It was January, and there was a bracing chill in the air outside the Tamarack County Sheriff’s Department. The sun was a melt of yellow in an aster blue sky. On the streets of Aurora, which were banked with plowed snow, folks greeted him in a neighborly way. Despite the badge and the nature of all that came with it, he was still one of them and had been his entire life. They ate alongside him and his family at the Friday night fish fry in Johnny’s Pinewood Broiler. On fall evenings, they cheered with him among the local fans at the high school football games and sat next to him in the bleachers of the school gymnasium during basketball season. They took communion with him on Sundays at St. Agnes. Yes, he was one of them. And yet, not quite. Because there was something different about Corcoran Liam O’Connor that didn’t show in his face but ran in his blood. And he was reminded of it on that first day he wore the new badge.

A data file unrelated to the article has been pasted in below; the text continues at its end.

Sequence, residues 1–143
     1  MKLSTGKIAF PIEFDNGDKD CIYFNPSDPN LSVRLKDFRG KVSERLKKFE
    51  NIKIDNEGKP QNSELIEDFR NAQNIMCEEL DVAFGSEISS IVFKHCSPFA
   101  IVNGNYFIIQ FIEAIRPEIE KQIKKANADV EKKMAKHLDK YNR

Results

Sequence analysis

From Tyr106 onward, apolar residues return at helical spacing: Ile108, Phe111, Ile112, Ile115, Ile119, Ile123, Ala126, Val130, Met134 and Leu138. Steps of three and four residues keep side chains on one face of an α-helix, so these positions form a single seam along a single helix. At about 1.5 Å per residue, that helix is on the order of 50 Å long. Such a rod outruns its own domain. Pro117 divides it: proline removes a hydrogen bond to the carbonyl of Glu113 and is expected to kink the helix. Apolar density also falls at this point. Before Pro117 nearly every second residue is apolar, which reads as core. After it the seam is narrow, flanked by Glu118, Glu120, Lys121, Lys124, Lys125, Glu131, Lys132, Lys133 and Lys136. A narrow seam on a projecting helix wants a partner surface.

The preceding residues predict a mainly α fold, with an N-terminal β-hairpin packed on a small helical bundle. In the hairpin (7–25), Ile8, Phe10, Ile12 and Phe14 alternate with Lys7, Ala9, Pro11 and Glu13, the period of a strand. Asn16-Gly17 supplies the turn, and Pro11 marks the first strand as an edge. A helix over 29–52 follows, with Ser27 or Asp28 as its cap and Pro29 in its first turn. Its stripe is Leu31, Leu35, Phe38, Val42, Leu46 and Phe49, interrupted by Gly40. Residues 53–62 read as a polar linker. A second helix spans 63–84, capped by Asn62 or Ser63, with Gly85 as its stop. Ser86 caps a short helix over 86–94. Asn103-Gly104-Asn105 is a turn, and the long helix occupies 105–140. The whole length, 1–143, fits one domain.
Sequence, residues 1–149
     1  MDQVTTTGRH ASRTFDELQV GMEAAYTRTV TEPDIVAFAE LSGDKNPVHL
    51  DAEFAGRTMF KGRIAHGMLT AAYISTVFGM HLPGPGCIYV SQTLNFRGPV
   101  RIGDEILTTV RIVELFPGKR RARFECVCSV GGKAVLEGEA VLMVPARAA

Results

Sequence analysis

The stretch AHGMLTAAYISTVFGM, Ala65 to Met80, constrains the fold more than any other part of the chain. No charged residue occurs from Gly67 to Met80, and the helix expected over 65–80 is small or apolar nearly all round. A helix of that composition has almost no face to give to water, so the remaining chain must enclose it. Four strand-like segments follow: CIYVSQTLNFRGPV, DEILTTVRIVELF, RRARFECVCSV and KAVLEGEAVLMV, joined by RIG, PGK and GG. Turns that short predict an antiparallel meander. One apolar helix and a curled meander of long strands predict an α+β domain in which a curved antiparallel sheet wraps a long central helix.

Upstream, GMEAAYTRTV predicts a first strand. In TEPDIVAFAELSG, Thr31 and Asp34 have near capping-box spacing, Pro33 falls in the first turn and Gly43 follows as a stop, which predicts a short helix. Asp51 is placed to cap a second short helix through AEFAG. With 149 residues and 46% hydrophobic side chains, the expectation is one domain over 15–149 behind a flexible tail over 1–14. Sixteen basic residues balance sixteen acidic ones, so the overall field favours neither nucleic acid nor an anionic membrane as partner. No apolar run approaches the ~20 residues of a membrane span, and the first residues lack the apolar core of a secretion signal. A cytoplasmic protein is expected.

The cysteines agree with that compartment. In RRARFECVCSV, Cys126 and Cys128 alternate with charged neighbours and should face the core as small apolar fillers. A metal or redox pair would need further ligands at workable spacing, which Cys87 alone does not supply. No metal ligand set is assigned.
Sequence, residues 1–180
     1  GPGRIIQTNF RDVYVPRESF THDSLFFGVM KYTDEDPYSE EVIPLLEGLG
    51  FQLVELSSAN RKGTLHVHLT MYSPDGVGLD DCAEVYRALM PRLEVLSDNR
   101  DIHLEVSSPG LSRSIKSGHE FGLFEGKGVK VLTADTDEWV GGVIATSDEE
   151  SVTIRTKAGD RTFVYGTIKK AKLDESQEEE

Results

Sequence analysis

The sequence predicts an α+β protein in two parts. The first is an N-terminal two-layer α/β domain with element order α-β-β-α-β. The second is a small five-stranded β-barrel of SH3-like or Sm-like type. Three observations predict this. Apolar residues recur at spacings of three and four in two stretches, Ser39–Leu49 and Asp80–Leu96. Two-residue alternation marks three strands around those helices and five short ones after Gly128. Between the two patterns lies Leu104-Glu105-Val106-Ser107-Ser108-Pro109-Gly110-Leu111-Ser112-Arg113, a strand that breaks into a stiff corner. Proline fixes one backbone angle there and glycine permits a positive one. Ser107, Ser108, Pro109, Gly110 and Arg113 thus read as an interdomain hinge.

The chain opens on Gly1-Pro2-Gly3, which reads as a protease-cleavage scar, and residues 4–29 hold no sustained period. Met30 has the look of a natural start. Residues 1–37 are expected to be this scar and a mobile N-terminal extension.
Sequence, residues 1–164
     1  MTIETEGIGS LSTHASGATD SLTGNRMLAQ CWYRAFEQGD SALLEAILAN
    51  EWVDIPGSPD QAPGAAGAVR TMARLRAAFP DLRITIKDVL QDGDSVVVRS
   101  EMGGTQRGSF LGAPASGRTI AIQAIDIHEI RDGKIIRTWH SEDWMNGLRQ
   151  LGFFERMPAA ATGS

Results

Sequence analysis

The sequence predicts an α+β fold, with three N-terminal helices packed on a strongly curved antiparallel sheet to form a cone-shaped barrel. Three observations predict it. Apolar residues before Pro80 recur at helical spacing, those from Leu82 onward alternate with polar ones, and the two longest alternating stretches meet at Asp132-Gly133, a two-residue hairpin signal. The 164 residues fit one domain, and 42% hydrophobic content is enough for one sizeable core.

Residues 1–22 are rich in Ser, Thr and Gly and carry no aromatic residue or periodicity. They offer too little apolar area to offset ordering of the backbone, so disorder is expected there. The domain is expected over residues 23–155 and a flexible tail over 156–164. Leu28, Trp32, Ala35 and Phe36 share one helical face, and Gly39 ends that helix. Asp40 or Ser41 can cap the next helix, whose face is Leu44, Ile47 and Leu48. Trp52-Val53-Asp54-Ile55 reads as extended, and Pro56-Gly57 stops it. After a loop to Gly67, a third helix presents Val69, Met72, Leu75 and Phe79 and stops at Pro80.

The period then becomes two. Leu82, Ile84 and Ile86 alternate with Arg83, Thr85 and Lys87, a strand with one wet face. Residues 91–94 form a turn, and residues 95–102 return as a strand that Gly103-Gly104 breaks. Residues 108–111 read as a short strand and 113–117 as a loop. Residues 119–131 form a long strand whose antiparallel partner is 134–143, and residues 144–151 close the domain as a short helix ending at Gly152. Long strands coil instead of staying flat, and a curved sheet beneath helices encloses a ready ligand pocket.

As he and Deputy Ed Larson made the rounds of the small business district, an old man stepped from the Crooked Pine, and with him came the musty odor of stale beer. He jammed a cigarette in the corner of his mouth, cupped his hands around a match flame, and blew smoke toward the sky. Then he caught sight of the two officers and gave a drunken grunt.
“Never thought I’d see the day when a Redskin was sheriff here,” he said.
“I take it you didn’t vote for me, Lyle,” Cork said.
“Hell, didn’t vote period.”
“Not much cause to complain then,” Larson said. “And I’ve got a question for you, Lyle. How do you intend to get home? Because it’s clear you’re too drunk to drive.”
The old man swung his eyes to a mud-spattered pickup parked at the curb. “Guess I’ll have a cup of coffee at the Broiler first.”
“Better make it three or four,” Larson said. “And I’ll be watching.”